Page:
Introduction: SUV Trunk Shelf

About: Still learning about everything. I have a long way to go.

With a baby in the family, we found ourselves having a hard time trying to fit the stroller, emergency kit, groceries, and everything else you put/store in the trunk of a vehicle. We looked online and found shelf options for our vehicle, but they ranged in price from $300 to $375 (USD). Pricing out the materials, I was able to construct a two-piece shelf for approx. $90.

Materials Used:

  • Cardboard large enough to cut a template
  • 2'x4', 0.5" thick plywood, qty 2
  • 1"x3" pine board, 8' length
  • 1.25" construction screws
  • Wood glue
  • 5' length of outdoor carpet, 6' width
  • 3/8" T50 staples
  • Exterior paint

Tools Used:

  • Skill saw
  • Straight edge
  • Tape measure
  • Pencil
  • Utility knife
  • Scissors
  • Heavy Duty (T50) Stapler
  • Driver

Step 1: Template

Using a large piece of cardboard, create a template for the location where you shelf will sit. If you're lucky, the space will have mostly straight edges. In my case, the area had a lot of curves. This meant I had to create reference points all along the way in order to properly account for the shape.

You want the template to be exact as possible, while accounting for a 1/8" gap all along the edge. This gap will be needed for folding the carpet over the edge of the shelf. You want the carpet folded over the edge to reduce any rattling or scratching of wood against plastic.

Step 2: Trace and Cut

Instead of one large shelf, we chose to do two pieces. This gives us options for having one or both pieces. You can also add a hinge between your pieces.

Leave a 1/8" gap between the two pieces of wood to allow space for the carpet. Trace your template onto the wood. You may want to mark reference points on the wood to ensure your template is mirrored on both sides as exact as possible.

Using a skill saw, cut each piece. Be as exact as possible. Test fit each piece in the vehicle and make minor adjustments where needed.

Remember, you can also make more cuts! Be conservative when making adjustments so you don't remove too much and end up with an unusable piece of wood.

Step 3: Remove Notches

The location for our shelf had notches for other accessories. For me it was easier to remove these after cutting the general shape. For you, it may be easier to mark their locations on your template.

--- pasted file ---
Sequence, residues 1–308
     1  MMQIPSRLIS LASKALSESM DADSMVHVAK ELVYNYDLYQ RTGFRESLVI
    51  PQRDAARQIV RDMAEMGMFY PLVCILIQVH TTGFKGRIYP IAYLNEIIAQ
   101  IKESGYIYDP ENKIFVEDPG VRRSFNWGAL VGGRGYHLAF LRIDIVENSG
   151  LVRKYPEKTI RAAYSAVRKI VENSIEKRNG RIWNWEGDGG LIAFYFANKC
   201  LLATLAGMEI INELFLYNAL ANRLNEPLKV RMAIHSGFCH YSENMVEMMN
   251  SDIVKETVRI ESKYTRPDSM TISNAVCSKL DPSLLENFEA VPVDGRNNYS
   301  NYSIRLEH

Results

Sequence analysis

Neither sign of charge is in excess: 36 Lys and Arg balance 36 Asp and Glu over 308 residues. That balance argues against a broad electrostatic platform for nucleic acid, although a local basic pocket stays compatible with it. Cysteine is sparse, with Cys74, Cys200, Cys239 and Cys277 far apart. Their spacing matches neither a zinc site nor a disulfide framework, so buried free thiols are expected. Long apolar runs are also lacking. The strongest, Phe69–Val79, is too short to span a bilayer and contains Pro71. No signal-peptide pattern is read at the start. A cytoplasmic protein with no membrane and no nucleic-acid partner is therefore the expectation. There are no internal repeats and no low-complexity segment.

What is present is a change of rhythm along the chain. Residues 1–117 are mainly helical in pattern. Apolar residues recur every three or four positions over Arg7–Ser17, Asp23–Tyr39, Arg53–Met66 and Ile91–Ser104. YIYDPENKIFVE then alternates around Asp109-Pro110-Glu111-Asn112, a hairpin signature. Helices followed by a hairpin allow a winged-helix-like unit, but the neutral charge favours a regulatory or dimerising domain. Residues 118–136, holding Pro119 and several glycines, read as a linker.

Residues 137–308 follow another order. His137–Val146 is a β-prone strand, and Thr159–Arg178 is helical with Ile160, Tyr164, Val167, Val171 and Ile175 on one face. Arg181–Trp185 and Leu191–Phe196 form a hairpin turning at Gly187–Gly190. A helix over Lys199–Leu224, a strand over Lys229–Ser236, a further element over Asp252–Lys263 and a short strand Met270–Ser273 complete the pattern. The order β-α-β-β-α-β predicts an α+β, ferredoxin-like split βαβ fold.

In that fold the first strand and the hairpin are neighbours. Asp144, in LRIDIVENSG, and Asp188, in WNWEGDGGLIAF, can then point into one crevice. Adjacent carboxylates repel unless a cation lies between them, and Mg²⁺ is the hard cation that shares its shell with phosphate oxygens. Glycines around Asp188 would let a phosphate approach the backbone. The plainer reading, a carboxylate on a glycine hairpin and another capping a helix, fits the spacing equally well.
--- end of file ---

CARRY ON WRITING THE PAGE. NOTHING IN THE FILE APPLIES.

These were easily marked from below. I then used a jigsaw to remove the sections.

After cutting the notches on each piece I did a test fit before continuing.

Step 4: Support

To prevent bowing, and allow you to place heavier items on your shelf, you'll want to put a cross support on each piece.

Cut a 1"x3" beam to the necessary length for each piece. Then attach using wood glue and construction screws of the appropriate length.

Step 5: Paint

While these will be covered in carpet, I didn't want to worry about the wood getting damage over time if they get wet from rain blowing in or something spilling on them.

Each piece was given two layers of the exterior paint. I chose a color that closely resembled the carpet color.

In addition, if you aren't planning on carpeting both sides of the shelf, the painted finish gives them a nicer look if you can seen them from below.

Step 6: Attach Carpet

For the carpet, I chose an indoor/outdoor option from the local hardware store. It can handle what we plan to put on it, and isn't too expensive.

Lay your piece(s) on the carpet and cut out the necessary shape using a utility knife or scissors.

Make sure you leave 3-4 inches of extra carpet on all sides for wrapping the edges.

I recommend a heavy duty stapler for this part. This is a stapler that takes T50 staples.

Attach with staples every four inches, or less. I recommend attaching one long edge first, pull the carpet tight, then both sides, and finishing with the opposing long edge. You may have to get creative with how you deal with all the odd shapes and corners.

Step 7: Load It Up!

Place your finish pieces in the back of your vehicle and load it up!